Case Law Details

Case Name : Eastern Chemofarb Limited (DTA Unit) Vs Commissioner of Central Excise (CESTAT Kolkata)
Appeal Number : Excise Appeal No. 77114 of 2019
Date of Judgement/Order : 05/10/2020
Related Assessment Year :
Courts : All CESTAT (1011) CESTAT Kolkata (31)

Eastern Chemofarb Limited (DTA Unit) Vs Commissioner of Central Excise (CESTAT Kolkata)

The issue under consideration is whether the lower authority is correct in stating that the appellant is not entitled to avail credit of duty paid on inputs used in the manufacture of exempted goods since they have cleared the said exempted goods for export outside India?

CESTAT states that, in the instant case, the issue regarding the eligibility to avail credit is to be decided. Since the final product is exempted from payment of Central Excise duty no duty liability arises even if the same is cleared for domestic consumption. However, the appellant has cleared the said exempted goods for export outside India. The general provisions contained in Credit Rules provides that credit is not allowed to be claimed on inputs if the same is used in manufacture of exempted goods as would be clearly discernible on perusal of Sub-Rule (1) to (4) of Rule 6. However, Sub-Rule (6) of Rule 6 carves out an exception to provide that if the goods are cleared to SEZ or a 100% EOUs, EHTP, etc the restrictions contained in the said rules shall not apply, clearly implying that final products which have been exported would not be denied of the input credit benefit. Provision has also been made in Rule 6(6)(v) to state that goods cleared for export under bond in terms of Central Excise Rules shall also not be denied input credit, which also clearly implies that assessee shall be allowed to avail credit on inputs used in exported manufactured goods. CESTAT find that subsequent amendment made in Notification No.42/2001 (Supra) to do away with the requirement of following the bond related procedure in case of goods which are otherwise chargeable to ‘NIL’ rate of duty or wholly exempted is merely a procedure and has no relation whatsoever with the credit entitlement under Credit Rules. The disallowance of credit by both the authorities below in the instant case is not proper. Hence, in view of the above discussions, CESTAT hold that the appellant is duly entitled to avail credit and therefore, the impugned duty demand is not sustainable. The appeal is thus allowed with consequential relief.

FULL TEXT OF THE CESTAT JUDGEMENT

The instant appeal has been filed by the appellant assessee, M/s. Eastern Chemofarb Ltd, against Order-in-Appeal dated 04.05.2018 passed by the learned Commissioner (Appeals), Kolkata, upholding demand of Central Excise duty of Rs. 4,94,115.80 consequent to denial of Cenvat credit for the period from April 2011 to December 2011 vide Order dated 28.02.2013 passed by the learned Dy. Commissioner, Central Excise, Asansol.

2. The facts of the case in brief are that the appellant is engaged in the manufacture of Shellac classifiable under chapter 13 which is wholly exempted from payment of Central Excise duty. The said manufactured goods have been exported outside India. An amendment was made in Notification no. 42/2001-CE(NT) dated 26.06.2001 vide Notification no. 24/2001-CE(NT) dated 26.05.2010, whereby the export of goods which are exempted or subjected to NIL rate of duty, shall not be allowed to be cleared, which was previously allowed to be cleared for export under Notf. 42/2011 under bond. The authorities below disallowed the CENVAT credit of duty paid on inputs used in the manufacture of goods which were exported outside India on the ground that since the said goods were otherwise exempted, the same were not allowed to be cleared under bond. The authorities below have also contended that in terms of Rule 6 of the CENVAT Credit Rules, 2004 (Credit Rules), credit is not available on inputs which is used in the manufacture of exempted goods. It was further contended that exclusion to said Credit Rules provided in Rule 6(6)(v) is not applicable since the said exclusion is only available for “goods cleared for export under bond in terms of the provisions of the Central Excise Rules, 2002”. It is the contention of the lower authorities that since after the amendment vide Notification no. 24/2010 (Supra), the goods which are already exempted cannot be exported under bond for export outside India, the benefit of Rule 6(6) of the Credit Rules shall not be available to the appellant and hence, the appellant is not entitled to avail credit of duty paid on inputs used in the manufacture of exempted goods. Based on said observations, the instant demand has been raised by denying the credit availed by the appellant in the ER-1 returns filed by them.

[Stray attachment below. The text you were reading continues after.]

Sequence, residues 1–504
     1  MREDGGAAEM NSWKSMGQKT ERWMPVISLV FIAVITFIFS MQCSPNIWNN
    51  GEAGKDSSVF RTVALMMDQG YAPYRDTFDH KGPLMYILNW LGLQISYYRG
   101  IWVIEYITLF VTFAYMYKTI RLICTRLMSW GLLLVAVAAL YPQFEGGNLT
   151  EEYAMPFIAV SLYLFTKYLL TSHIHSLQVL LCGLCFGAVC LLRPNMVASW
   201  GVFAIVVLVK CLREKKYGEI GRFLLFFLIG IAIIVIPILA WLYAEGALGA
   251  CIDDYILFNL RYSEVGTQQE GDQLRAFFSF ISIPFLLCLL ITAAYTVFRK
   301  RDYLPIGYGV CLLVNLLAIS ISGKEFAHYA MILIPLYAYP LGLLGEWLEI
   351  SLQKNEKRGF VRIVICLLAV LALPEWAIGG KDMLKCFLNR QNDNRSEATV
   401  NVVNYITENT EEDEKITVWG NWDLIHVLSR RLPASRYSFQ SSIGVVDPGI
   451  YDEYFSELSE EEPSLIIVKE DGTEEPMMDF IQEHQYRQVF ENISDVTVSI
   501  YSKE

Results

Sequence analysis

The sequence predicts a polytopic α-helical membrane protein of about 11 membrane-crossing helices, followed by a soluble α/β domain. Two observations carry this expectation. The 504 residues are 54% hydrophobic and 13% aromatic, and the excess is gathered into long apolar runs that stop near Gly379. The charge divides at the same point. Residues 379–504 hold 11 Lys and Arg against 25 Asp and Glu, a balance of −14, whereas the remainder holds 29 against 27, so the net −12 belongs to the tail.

3. Heard Shri Anjan Dasgupta, learned Advocate for the appellant and Shri H.S.Abedin, learned Authorized Representative for the Revenue. The learned Advocate, while pleading for their eligibility to avail credit, placed reliance on several case decisions including the following :-

  • CCE vs. Drish Shoes Ltd. 2010 (254) ELT 417 (HP) affirmed by the Apex Court as reported in 2018 (360) ELT A191 (SC)
  • Jolly Board Ltd vs. CCE, Aurangabad 2015 (321) ELT 502 (Tri-Mum)
  • CCE, Rajasthan vs Medicamen Biotech Ltd 2019 (368) ELT 324 (Raj)